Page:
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Whoa there, night rider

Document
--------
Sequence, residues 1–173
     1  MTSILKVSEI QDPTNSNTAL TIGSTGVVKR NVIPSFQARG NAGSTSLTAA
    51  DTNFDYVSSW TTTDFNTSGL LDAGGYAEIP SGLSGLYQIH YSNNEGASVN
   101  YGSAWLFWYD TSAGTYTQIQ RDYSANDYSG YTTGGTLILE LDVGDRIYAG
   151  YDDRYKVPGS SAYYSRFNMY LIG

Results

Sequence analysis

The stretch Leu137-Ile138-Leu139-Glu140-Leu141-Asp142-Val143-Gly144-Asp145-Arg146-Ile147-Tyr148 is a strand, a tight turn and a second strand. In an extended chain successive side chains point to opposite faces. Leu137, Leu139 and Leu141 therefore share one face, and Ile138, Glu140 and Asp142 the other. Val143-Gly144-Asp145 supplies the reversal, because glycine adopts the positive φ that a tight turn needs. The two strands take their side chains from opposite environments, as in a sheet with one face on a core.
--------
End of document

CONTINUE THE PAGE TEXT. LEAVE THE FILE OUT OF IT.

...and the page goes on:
Recently I was cycling home from work in the wee hours when movement up ahead caught my eye.I've encountered all sort of animals during my late-night/early-morning commutes and figured I'd caught a glimpse of a critter up ahead.Before long, I learned what I had spied was, in fact, another cyclist coming toward me. It was a dark, moonless night. He had no reflectors that I could see, no headlight and no taillight. He wore dark clothes and no reflective gear. And as he pedaled past, before disappearing back into the night, I noticed he was riding no-handed - dialing or perhaps texting someone on the cell phone he had in hand.Amazing.I'm all for individual rights, but this struck me as lunacy at best. Never mind that the phantom cyclist was riding illegally. It also was irresponsible and, well, stupid.I'm of the opinion that folks should be held accountable for their actions. In the case of cyclists, I figure if you run a red light or a stop sign and get plowed, well, sorry, it's your fault, and you're bound to bear the brunt of the repercussions. And if you ride in the middle of the night in stealth mode, don't be surprised if you get hit.Personally, I tend more toward Oh Tannenbaum for my night rides. I have a bright red blinky light out back that doubles as a reflector, reflectors on my wheels - though they might be frowned upon by my hardcore cycling brethren - and reflective accents on my shoes. And I have a pretty serious headlight that's worth more than the bike to which it's attached, plus a backup headlight, just in case.It all ratchets up the dork factor, but I'd rather be seen as a dork than not seen until I'm a dead dork. And, to be honest, nobody ever rode a bike to look cool.I might not be as bright - in any sense of the word - as some night cyclists I see, with reflective vests, reflective tape, headlights on the handlebars and helmets, etc. But never have I had a near-miss I considered to have been the result of not being seen, nor have I ever had somebody yell out the window that they couldn't see me. And given the frequency with which drivers share their opinions of me with me, I'm sure I would have heard by now if I were hard to see.A bit of advice often given to cyclists is to ride like they're invisible. In other words, assume you won't be seen and ride defensively.A faction of cyclists, I've heard, takes that advice to another extreme by trying to be invisible. According to this school of thought, cyclists should ride under the radar so they're not seen. Drivers can't hit what they can't see, after all.I disagree. The more visible, I believe, the better.Personally, I like riding at night. It's often cooler and calmer, and there's far less traffic. And I reckon drivers can see me better at night than they can during the day.So in many ways I feel safer riding after the sun goes down than I do before.As long as I can steer clear of the idiots riding in the dark of their own creation.


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